Body Reactions To Injuries And Possible Treatments



Getting an​ injury is​ probably an​ athlete’s worst nightmare. for​ professional athletes, it​ could mean the​ end of​ a​ rewarding career or​ losing a​ long-cherished dream. But it​ is​ not athletes alone who are prone to​ major accidents or​ physical damage. Even office workers, housewives, and​ pedestrians who go about their usual routines could be exposed to​ very serious injury.

How does an​ injury actually hurt or​ immobilize a​ person? When a​ certain body part is​ injured, the​ tissues in​ that body part are stretched out of​ ranger or​ a​ strong impact causes the​ blood vessels to​ be torn or​ damaged. the​ amount of​ bleeding may be increased if​ the​ injury involves the​ tearing or​ piercing of​ an​ artery where blood flows through. When an​ arterial occurs, blood is​ prevented from reaching other body parts, leaving the​ cells with no nourishment that is​ supposed to​ come from the​ blood. These dying cells stimulate the​ release of​ histamine and​ cause the​ blood vessels to​ swell and​ bring increased blood supply and​ nutrients to​ aid in​ the​ repair of​ the​ damaged tissues. the​ capillaries become more absorbent and​ more protein and​ inflammatory substances might be pushed into the​ injured area and​ cause swelling.

How do we treat minor injuries? the​ best thing to​ remember in​ treating minor injuries is​ the​ acronym R-I-C-E:

Rest - the​ injured part as​ much as​ possible to​ allow the​ healing of​ damaged tissues.

Ice - Apply ice for​ up to​ 10 minutes. Do not wait for​ the​ swelling to​ start. This may be repeated every 2 hours during the​ first two days after injury. it​ is​ important not to​ keep the​ ice on any longer than 10 minutes as​ the​ body then reacts by increasing blood flow to​ warm the​ area and​ therefore exacerbating the​ swelling. Do not apply ice directly to​ the​ skin. Use a​ wet flannel.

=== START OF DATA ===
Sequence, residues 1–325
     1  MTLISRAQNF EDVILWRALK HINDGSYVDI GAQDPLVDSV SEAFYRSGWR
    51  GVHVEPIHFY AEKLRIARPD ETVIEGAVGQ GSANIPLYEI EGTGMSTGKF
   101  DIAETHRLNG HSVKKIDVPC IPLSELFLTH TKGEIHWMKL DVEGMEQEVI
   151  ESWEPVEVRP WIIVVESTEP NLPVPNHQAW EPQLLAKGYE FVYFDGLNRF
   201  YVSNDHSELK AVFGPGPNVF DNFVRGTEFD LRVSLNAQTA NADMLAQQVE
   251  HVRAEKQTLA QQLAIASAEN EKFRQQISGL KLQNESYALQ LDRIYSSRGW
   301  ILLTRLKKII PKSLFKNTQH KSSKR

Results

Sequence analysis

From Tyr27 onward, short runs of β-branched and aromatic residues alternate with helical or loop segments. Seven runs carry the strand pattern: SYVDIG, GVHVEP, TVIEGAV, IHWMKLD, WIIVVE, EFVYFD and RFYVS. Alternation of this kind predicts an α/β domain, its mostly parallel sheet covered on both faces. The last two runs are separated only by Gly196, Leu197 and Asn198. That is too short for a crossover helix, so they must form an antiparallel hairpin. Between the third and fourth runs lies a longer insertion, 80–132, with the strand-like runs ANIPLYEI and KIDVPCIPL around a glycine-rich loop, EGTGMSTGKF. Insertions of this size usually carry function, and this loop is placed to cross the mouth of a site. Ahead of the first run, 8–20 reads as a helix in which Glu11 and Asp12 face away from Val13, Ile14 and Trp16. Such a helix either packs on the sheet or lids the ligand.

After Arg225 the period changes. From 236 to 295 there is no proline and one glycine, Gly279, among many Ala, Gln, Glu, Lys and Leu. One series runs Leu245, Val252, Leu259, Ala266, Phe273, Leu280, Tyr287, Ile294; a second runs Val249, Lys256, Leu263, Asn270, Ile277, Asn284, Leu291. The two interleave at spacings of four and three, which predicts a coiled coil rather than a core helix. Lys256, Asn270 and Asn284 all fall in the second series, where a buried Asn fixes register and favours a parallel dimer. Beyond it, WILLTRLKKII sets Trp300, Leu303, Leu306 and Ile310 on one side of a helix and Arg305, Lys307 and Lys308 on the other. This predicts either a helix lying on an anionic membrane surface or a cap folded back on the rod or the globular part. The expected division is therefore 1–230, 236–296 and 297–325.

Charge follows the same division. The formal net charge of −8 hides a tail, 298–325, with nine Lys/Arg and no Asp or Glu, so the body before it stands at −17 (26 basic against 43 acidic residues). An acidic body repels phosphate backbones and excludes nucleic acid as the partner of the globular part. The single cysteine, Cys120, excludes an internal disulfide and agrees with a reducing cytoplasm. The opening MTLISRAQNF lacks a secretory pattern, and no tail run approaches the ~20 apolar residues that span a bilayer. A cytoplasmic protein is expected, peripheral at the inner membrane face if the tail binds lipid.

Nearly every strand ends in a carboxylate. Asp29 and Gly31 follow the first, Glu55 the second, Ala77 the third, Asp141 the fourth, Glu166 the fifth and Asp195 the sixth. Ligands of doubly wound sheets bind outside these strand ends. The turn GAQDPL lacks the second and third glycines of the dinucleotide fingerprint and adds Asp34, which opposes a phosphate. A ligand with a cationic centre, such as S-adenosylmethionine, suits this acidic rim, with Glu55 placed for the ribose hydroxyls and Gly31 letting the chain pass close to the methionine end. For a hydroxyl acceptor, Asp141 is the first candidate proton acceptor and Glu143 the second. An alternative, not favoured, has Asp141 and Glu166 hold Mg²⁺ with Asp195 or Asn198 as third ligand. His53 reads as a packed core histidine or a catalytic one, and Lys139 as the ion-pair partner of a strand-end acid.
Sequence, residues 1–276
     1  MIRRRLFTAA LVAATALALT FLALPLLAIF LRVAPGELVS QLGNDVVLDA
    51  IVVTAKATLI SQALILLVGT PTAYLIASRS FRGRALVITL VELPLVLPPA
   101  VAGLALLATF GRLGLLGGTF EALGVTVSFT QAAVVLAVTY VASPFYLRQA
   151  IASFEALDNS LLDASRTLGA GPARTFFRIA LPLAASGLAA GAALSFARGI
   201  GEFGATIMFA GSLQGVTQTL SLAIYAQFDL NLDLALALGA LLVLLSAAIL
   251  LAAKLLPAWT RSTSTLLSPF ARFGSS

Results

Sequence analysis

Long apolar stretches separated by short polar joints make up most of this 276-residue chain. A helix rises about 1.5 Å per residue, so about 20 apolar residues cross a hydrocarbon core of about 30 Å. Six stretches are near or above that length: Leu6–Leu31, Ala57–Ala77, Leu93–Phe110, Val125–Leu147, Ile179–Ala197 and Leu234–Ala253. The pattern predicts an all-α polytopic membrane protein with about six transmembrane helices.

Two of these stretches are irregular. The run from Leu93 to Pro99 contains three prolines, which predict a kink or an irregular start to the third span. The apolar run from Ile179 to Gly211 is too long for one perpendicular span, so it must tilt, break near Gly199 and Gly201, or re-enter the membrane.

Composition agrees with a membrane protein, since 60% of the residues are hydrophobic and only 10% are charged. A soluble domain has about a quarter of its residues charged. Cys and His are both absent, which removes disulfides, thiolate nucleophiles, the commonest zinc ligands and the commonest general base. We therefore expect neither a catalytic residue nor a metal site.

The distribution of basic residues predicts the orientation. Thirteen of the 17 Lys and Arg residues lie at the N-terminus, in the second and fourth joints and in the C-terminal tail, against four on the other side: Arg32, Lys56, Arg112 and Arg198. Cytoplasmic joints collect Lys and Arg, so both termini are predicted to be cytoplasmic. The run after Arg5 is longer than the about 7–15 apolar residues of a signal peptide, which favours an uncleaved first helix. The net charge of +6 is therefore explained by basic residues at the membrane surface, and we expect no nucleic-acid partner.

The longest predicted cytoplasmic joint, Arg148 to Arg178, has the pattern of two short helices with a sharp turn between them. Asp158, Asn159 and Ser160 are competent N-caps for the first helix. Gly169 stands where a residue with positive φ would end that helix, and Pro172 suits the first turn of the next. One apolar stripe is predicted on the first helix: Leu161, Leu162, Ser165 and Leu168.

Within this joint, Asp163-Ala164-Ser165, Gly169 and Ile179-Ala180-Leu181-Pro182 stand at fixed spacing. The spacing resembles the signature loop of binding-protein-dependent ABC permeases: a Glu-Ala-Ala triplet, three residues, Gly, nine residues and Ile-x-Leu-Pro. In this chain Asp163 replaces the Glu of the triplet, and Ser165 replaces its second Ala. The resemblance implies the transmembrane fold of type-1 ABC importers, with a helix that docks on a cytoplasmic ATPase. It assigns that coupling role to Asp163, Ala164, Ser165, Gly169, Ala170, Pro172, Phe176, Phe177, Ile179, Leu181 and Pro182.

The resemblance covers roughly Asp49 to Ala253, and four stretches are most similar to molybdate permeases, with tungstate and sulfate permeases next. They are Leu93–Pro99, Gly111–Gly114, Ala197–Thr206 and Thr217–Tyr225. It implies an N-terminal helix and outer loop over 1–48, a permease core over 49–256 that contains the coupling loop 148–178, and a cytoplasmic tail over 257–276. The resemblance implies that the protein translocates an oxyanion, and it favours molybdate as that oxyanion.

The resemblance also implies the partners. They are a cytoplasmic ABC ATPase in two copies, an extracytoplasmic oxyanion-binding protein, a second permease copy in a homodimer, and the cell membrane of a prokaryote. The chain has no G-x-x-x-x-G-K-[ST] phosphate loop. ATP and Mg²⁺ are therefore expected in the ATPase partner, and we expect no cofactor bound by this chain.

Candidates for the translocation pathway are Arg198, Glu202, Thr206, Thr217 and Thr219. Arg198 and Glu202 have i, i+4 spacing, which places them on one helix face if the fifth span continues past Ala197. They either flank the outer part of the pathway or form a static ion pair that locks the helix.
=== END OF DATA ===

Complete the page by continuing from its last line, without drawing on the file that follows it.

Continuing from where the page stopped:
Compression - After ice, apply a​ compression bandage to​ help minimize the​ swelling to​ the​ tissues.

Elevation - Elevate the​ injured part to​ help limit blood flow and​ prevent use of​ muscles to​ the​ injured part.

Physical therapy combined with the​ use of​ pain relievers like Tramadol may hasten the​ recovery period. Tramadol is​ a​ synthetic pain reliever that has gained the​ approval of​ the​ Food and​ Drug Administration (FDA). it​ works by binding the​ receptors of​ the​ brain which are responsible for​ transmitting painful sensations throughout the​ body. Several medical studies show that this medication has a​ low abuse rate compared to​ other pain relievers. in​ addition, Tramadol side effects are milder compared to​ other pain relieving drugs out in​ the​ market. These side effects may include nausea, constipation, dizziness, headache, drowsiness, and​ vomiting. Individuals should consult their doctors before taking this medicine. Though Tramadol side effects are mild and​ bearable, it​ may not be used by individuals with certain health conditions and​ medical history. This drug may also interact with other drugs which may lead to​ the​ development of​ more unwanted side effects.
Prevention is​ better than cure. Rather than seeking medical attention to​ treat injuries, this condition can be prevented by proper execution of​ exercise movements or​ sports activities. a​ doctor-approved fitness program which includes flexibility training, warm-up, and​ cool down exercises may lessen the​ development of​ injuries. if​ these things fail, ask your doctor about Tramadol.





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